Thousands of families in Guatemala survive on a very precarious diet of flour and cereals and afford protein-rich foods like meat and dairy products which are essential for growth and mental development of people. This is particularly true in the rural areas of the Central American republic where indigenous peoples live in remote villages.

Physicians often see cases of chronic malnutrition, which marks the health of people affected for the rest of life. With a population of some 14 million people, Guatemala shows Latin America's highest rate of chronic malnutrition among children: 49.3% boys and girls under the age of five. It is among the highest rates in the world.

According to Guatemalan government nutritionists, the northwestern Totonicapán (mostly inhabited by indigenous people) province registers the highest rate of chronic malnutrition in the country. There, 77% of the population subsists each day on one tamale made of corn paste, barley water and broth, without meat or vegetables. This leads to chronic malnutrition.

The data reported by the United Nations Program for Development (UNDP) are alarming, chronic malnutrition reduces the intellectual coefficient between 10 and 15 points and vitamin A deficiency affects the immunological system of 40% of children under five years of age. Chronic malnutrition is evident during the first 1,000 days of human life and causes irreversible psychological and physiological damage. According to the UN, between 2002 and 2008, anemia in children under 5 years increased from 42 to 48%, while obesity increased by 87% over the past 43 years. Malnutrition is a problem that is eliminated with the supply of a meal but improved with the reduction of poverty and improvements in education, health and access to employment of women.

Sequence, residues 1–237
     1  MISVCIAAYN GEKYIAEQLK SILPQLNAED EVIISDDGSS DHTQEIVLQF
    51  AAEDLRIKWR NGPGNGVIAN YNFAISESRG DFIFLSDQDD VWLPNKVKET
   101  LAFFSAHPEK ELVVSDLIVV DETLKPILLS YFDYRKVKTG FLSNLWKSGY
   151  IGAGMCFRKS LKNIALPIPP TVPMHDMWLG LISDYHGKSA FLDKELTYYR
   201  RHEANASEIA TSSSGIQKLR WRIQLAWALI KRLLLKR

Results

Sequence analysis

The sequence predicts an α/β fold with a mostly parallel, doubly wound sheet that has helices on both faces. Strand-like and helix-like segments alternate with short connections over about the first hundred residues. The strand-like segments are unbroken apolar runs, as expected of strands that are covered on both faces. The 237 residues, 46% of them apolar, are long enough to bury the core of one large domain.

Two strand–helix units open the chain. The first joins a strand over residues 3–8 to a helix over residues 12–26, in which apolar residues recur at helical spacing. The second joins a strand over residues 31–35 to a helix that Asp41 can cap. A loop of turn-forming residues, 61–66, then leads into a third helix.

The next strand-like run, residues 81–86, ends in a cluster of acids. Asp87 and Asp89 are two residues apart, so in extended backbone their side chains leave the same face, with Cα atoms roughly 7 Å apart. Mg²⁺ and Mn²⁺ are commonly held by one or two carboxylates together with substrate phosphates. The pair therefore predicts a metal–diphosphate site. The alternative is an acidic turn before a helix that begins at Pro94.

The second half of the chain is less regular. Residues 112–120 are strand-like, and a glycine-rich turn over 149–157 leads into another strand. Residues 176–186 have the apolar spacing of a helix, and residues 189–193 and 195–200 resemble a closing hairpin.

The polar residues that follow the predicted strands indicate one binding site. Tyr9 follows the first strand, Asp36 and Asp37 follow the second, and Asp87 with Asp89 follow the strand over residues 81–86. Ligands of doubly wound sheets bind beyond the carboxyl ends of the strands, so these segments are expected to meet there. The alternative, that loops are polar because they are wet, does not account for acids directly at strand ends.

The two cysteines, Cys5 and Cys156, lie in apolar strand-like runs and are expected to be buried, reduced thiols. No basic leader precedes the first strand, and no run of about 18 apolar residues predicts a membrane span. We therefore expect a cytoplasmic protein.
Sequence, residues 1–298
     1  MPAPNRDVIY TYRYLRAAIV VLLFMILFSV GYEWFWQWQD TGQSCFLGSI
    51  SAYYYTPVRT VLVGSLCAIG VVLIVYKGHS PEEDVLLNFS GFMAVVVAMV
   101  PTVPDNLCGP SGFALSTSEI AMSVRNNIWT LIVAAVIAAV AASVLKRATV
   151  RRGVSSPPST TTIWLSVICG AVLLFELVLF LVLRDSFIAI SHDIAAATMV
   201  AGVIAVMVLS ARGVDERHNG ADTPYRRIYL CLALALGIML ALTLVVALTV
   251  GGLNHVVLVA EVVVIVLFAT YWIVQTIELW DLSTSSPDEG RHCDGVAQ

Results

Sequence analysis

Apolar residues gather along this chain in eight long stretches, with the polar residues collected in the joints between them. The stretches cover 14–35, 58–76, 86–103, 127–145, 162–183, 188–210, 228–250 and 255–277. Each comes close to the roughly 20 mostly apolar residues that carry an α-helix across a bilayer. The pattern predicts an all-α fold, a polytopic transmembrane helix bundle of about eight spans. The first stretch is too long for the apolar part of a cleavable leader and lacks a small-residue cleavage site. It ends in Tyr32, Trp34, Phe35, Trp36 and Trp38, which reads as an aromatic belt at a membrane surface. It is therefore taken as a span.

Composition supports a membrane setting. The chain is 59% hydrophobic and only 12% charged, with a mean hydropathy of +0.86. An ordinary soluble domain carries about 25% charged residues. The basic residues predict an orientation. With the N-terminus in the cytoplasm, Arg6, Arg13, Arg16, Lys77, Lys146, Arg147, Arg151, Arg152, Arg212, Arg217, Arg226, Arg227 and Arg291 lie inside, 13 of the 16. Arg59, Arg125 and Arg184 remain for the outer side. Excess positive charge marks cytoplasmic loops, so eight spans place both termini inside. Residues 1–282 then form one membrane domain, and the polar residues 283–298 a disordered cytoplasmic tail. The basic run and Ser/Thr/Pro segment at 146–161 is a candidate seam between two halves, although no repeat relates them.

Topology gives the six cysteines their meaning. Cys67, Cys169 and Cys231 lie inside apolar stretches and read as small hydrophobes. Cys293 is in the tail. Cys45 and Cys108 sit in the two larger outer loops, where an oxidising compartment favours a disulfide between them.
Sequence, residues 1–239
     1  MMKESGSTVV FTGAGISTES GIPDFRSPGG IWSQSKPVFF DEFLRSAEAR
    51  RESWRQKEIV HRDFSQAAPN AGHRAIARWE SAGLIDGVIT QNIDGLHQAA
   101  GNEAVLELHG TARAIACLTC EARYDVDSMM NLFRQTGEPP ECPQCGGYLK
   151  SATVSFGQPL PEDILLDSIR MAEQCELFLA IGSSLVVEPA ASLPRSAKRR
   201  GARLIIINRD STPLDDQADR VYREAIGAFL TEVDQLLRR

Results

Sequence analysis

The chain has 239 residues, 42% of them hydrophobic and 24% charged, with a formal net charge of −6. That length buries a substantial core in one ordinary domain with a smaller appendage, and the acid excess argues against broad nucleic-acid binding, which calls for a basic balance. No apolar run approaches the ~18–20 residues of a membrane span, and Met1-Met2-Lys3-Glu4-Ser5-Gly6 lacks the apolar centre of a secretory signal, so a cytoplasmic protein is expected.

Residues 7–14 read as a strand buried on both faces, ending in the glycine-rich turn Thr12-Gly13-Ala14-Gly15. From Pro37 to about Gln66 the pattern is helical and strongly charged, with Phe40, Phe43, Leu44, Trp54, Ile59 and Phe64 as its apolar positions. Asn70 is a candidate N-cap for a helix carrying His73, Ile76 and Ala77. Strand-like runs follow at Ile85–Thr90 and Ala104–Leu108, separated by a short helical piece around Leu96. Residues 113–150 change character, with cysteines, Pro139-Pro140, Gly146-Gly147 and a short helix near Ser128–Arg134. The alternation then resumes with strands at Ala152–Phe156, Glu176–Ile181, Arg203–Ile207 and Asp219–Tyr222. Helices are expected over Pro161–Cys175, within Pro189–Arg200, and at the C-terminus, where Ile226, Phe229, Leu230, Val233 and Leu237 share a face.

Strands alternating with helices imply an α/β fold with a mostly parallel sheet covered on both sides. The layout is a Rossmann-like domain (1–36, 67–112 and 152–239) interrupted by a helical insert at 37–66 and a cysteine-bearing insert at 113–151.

In 2010, bad weather brought about poor crops while world prices for maize rose. Guatemalans depend upon maize as a stable for making tamales and maize cakes known as tortillas. It was in Central America that indigenous peoples first cultivated maize, thousands of years ago.

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Spero News writer Martin Barillas is a former US diplomat, who also worked as a democracy advocate and election observer in Latin America. His first novel 'Shaken Earth', is available at Amazon.

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